it’s only been a week since
…and i not so low key hate that.
the last two weeks in Japan flew by ridiculously fast, to no one’s surprise, least of all mine. countless possessions in trash bags; once loved furniture now rehomed; one last
…too many goodbyes that never happened or continue to happen even now from afar…
touching down in Seattle, the reverse culture shock was immediate. the diversity of bodies, hair, accents; the sudden and near intrusive white noise of characteristically loud conversations between Americans; the unkempt state of washlet-less bathrooms; the unadulterated English of those who gave no thought to accommodating non-native English speakers around them…
thankfully Calcifer survived the flight without incident and, in fact, seems to be thriving in this new environment, needing even less time to adjust than me. yet more proof to substantiate the stereotype that sphynxes have as much in common with dogs and monkies as they do cats. then again, i suppose having a new playmate and living ‘toys’ in the form of squirrels on the other side of windows helps him make peace with living somewhere new.
can’t say i’m not enjoying the nature myself, although it’s yet another thing to adjust to after having lived in the most densely populated concrete jungle in the world.
the mental gymnastics that is being in America continues to be as difficult a week post-arrival and– as has been the case in years past– it’s the stark difference between Japan America’s economic & social class systems and poverty lines that is the most immediate and profound shock that is dealt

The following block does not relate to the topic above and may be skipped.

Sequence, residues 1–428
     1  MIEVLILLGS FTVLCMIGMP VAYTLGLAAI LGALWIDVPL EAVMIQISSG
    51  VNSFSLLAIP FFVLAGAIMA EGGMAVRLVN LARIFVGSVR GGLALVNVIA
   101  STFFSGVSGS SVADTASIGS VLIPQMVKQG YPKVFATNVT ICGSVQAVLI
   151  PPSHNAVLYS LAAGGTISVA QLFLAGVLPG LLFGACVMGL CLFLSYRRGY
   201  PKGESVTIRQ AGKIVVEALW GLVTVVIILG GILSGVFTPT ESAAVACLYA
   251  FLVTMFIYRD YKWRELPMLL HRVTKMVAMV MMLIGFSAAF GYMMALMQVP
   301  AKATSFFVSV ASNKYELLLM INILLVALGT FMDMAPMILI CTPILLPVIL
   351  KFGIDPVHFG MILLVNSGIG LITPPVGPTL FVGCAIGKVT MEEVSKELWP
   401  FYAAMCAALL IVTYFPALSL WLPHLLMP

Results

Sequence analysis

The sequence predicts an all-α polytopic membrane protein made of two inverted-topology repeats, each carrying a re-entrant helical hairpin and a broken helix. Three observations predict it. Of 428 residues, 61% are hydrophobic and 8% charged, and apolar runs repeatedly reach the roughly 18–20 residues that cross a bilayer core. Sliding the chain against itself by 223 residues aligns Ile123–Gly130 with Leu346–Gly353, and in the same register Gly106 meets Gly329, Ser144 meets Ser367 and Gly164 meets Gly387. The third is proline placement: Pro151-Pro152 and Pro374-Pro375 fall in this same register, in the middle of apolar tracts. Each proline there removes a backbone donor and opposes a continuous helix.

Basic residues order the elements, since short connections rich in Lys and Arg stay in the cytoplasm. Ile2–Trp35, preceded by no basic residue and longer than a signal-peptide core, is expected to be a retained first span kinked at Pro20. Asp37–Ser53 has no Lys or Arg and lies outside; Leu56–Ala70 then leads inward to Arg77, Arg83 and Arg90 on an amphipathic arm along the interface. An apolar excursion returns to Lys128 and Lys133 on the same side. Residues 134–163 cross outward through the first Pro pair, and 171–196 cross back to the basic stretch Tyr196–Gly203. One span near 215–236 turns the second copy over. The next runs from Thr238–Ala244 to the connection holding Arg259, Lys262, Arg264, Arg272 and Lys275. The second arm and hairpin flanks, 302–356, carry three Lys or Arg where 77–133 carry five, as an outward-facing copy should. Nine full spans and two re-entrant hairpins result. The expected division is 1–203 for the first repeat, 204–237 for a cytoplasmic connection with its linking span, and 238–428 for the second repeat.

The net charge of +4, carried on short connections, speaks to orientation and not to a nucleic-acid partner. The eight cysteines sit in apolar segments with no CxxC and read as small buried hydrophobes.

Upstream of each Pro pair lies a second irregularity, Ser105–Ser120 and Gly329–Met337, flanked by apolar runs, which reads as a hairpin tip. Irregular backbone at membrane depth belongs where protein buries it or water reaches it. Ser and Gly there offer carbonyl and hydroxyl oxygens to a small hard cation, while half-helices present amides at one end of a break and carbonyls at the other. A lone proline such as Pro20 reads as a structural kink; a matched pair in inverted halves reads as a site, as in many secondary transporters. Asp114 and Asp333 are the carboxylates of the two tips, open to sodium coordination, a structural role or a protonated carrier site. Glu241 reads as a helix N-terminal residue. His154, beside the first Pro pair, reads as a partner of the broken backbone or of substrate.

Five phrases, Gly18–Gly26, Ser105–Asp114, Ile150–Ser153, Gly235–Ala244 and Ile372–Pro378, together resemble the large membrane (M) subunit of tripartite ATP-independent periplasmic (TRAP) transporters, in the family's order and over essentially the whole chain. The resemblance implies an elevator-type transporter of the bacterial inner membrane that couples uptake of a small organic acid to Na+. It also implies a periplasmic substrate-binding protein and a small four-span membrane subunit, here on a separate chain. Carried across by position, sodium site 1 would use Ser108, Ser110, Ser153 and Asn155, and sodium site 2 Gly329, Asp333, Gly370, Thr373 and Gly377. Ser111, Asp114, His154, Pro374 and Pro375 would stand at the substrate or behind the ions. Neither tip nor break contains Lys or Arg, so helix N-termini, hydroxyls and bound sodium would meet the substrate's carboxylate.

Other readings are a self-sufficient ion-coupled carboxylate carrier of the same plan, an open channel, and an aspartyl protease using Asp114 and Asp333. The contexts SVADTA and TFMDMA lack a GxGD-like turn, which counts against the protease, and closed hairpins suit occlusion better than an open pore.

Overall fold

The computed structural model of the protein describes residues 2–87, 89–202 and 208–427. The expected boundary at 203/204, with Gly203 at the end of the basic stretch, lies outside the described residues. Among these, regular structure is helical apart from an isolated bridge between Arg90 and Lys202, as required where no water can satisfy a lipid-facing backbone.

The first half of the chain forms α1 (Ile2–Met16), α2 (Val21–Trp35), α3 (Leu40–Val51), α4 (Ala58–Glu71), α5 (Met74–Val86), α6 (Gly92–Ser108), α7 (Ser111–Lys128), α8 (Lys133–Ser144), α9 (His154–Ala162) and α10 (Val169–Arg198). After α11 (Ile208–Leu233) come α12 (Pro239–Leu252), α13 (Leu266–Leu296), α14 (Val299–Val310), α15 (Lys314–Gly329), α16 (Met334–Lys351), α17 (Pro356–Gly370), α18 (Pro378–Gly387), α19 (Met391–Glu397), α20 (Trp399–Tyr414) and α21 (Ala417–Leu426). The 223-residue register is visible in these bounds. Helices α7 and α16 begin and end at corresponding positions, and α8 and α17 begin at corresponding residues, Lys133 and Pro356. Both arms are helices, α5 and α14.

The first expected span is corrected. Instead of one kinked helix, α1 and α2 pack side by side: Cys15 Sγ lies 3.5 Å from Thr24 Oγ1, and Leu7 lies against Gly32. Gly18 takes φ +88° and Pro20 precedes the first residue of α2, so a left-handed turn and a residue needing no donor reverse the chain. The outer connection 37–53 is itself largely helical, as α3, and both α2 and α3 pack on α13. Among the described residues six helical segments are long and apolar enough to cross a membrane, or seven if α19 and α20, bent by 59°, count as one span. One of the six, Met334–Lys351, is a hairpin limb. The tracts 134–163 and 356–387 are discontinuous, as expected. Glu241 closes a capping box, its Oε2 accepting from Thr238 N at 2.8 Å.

all of that aside, so far moving to a place that
more to the point of this blog,
a trip to Capitol Hill, Seattle’s
unofficial ‘gay neighborhood’, for a Trans Day of Visibility event at GenPRIDE (a resource center for Seattle’s aging LGBTQIA community) hammered home just how amazing having community(/
while i have no doubt that things are still far from perfect in Seattle, seeing QTPOC activists talk about their activism on a TDOV panel, hearing about the city’s Enby Collective, seeing programming that’s in the works for kindergarten – 12th grade students, being in a physical space with resources and community for LGBTQIA seniors, etc– was a much needed reminder that even as there is no shortage of places in America where none of this exists and something as
and Japan. fucking Japan.
much more so than reverse culture shock, which was to be expected,
Tokyo’s Ni Chome, ie. ‘gay district’, in comparison with Seattle’s Capitol Hill isn’t even comedic in so much as it’s incredibly sobering… even if i have only the most superficial of understanding of what exists in the Seattle area at present, it’s still abundantly clear to me that…
that anger and frustration over the brutality of the disparity between LGBTQIA resources & communities could– just maybe– be transformed into inspiration and motivation to try and actively do something about it…
if i play things just right, maybe.